The problem with self-driving cars.


The ‘self-driving car’ is an idea that’s been knocking around Google for nearly a decade, with the company slowly gaining the legal support necessary to eventually roll out a commercial fleet for the general public to enjoy. After the State of Nevada passed a law in 2011 that allowed self-driving cars on public roads for testing purposes, other US states began falling like dominos, not to mention a few European countries.

Now other companies are entering the robotic race with similar products to ease drivers away from the steering wheel. The recently announced Cruise RP-1 device doesn’t go so far as taking over 100 percent of the car’s controls, but does allow for autopilot in various driving situations.

But if we throw away our ability – and, possibly, our right – to drive, what’s really at stake? A lot of criticisms focus on the safety and accountability of the AI systems, but are these the real issues at hand? Here are the threats Google doesn’t want you to know about:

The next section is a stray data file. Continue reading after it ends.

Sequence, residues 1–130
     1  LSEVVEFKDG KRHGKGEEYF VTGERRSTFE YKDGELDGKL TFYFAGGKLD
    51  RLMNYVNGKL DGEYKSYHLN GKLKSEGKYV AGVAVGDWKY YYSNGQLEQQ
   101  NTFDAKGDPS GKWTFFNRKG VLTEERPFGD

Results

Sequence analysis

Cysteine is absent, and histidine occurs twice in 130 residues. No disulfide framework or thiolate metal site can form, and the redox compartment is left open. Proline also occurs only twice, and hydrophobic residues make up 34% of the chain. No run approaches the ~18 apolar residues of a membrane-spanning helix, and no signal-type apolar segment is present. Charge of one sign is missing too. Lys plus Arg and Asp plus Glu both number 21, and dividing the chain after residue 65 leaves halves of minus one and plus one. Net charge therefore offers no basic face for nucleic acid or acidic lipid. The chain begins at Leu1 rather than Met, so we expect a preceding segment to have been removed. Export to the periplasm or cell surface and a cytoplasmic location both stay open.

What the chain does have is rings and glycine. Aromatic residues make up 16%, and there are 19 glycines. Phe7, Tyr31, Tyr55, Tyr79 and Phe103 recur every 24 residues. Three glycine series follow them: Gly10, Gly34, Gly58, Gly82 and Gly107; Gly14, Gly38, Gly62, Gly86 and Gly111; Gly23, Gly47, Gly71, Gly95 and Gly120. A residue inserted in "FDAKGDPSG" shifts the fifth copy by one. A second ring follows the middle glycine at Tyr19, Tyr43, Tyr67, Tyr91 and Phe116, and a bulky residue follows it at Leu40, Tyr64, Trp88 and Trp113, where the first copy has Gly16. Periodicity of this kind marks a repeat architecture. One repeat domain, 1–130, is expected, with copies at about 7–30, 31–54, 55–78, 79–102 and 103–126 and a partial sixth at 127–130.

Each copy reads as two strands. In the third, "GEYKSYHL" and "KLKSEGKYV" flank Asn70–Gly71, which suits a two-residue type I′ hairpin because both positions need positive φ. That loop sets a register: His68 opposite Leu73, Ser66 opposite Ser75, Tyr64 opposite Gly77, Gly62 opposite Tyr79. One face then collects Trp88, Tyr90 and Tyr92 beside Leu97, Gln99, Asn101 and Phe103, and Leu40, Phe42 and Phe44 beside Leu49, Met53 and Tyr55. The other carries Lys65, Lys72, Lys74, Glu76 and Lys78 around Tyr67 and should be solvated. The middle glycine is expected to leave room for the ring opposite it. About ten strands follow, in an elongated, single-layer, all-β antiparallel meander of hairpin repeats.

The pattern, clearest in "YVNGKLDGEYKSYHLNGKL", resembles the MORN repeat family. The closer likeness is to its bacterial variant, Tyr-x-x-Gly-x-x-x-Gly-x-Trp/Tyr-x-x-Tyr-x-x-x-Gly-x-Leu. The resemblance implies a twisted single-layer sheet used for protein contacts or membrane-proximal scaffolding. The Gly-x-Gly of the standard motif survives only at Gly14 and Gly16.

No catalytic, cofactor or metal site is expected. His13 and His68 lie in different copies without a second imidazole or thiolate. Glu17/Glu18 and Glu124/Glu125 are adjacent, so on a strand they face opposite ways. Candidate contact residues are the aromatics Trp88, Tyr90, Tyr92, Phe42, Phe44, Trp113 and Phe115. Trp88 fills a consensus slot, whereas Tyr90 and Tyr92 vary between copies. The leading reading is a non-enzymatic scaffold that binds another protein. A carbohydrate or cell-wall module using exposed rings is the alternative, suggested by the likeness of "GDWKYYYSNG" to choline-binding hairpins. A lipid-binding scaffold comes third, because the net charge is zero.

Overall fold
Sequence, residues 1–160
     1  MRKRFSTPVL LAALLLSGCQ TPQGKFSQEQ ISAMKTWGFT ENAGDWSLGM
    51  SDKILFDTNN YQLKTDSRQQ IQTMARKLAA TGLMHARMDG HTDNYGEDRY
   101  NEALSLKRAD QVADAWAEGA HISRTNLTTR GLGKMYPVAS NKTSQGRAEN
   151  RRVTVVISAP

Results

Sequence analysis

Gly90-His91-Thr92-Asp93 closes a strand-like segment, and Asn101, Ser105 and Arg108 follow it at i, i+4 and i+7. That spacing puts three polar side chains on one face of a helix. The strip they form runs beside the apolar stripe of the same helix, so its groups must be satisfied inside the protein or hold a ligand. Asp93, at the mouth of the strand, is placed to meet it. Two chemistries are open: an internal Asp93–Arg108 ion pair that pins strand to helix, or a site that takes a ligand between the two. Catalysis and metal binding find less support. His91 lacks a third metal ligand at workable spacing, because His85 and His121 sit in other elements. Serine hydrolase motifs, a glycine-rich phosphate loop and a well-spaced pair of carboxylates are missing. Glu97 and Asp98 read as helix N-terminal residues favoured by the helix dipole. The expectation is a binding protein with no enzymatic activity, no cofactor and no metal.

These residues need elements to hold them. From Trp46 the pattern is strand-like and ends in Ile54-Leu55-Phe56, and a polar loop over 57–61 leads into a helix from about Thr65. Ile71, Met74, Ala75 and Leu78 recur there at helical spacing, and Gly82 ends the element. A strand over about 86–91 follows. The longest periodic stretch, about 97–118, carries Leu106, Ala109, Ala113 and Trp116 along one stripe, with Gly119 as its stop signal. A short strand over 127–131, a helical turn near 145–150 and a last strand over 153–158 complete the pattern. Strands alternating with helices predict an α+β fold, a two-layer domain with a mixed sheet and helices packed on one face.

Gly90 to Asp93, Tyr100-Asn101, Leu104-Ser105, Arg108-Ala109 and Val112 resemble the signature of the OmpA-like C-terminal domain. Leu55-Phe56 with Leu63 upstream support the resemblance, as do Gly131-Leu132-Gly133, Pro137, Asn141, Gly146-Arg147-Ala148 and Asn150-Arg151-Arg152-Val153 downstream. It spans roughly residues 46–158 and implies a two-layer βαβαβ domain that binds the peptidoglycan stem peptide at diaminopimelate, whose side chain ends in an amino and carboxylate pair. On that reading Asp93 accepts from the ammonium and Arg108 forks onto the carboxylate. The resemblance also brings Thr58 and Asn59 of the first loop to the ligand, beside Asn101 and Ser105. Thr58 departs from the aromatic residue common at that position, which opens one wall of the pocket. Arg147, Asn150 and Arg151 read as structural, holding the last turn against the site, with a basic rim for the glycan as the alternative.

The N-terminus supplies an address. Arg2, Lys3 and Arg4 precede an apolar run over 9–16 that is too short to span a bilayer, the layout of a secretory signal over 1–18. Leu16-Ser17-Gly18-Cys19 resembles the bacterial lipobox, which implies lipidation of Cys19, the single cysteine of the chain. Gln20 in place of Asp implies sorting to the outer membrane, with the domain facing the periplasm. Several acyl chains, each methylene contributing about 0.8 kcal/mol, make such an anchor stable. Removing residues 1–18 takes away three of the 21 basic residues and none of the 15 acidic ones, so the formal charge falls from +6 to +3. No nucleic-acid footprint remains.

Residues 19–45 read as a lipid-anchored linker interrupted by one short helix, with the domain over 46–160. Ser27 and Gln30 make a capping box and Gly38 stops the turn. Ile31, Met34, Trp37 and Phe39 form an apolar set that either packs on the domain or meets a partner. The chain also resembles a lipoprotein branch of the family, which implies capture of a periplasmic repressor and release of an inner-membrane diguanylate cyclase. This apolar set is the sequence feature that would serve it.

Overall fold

1. Removes the thrill of potentially crashing and dying as a result of human error.

2. Paul Walker’s robotic replacement in the upcoming Fast & Furious film gives a disappointingly dry performance.


Doesn’t even look like him. (Image: Empire)

3. Loss of ability to capture the hearts of female pedestrians by revving car aggressively and unnecessarily.

4. Leader of the Cheer Squad less attracted to boys who once drove fast cars, preferring to attend prom with car itself.

5. Male robots begin using cars as a way to make up for their inadequacies.

6. Potential for countless jokes made against female and Asian AI modules.

7. The United States automotive industry.


8. Robot about as cool as dad, and driving around with dad is not cool.

9. Did you see I, Robot?

10. Car simply a disguise for planet-defending robot, delivering the sloppy dialogue we’ve come to know from Michael Bay’s films.

11. Siri’s voice was strangely arousing the first few times, but got old.


Also, robots clearly don’t appreciate how easily feelings can be hurt. (Image: Every day of my life)

VINCENT VARNEY is a Sydney-based writer and advocate of Tony Abbott’s ‘Stop The Cars’ campaign. Follow him on Twitter.

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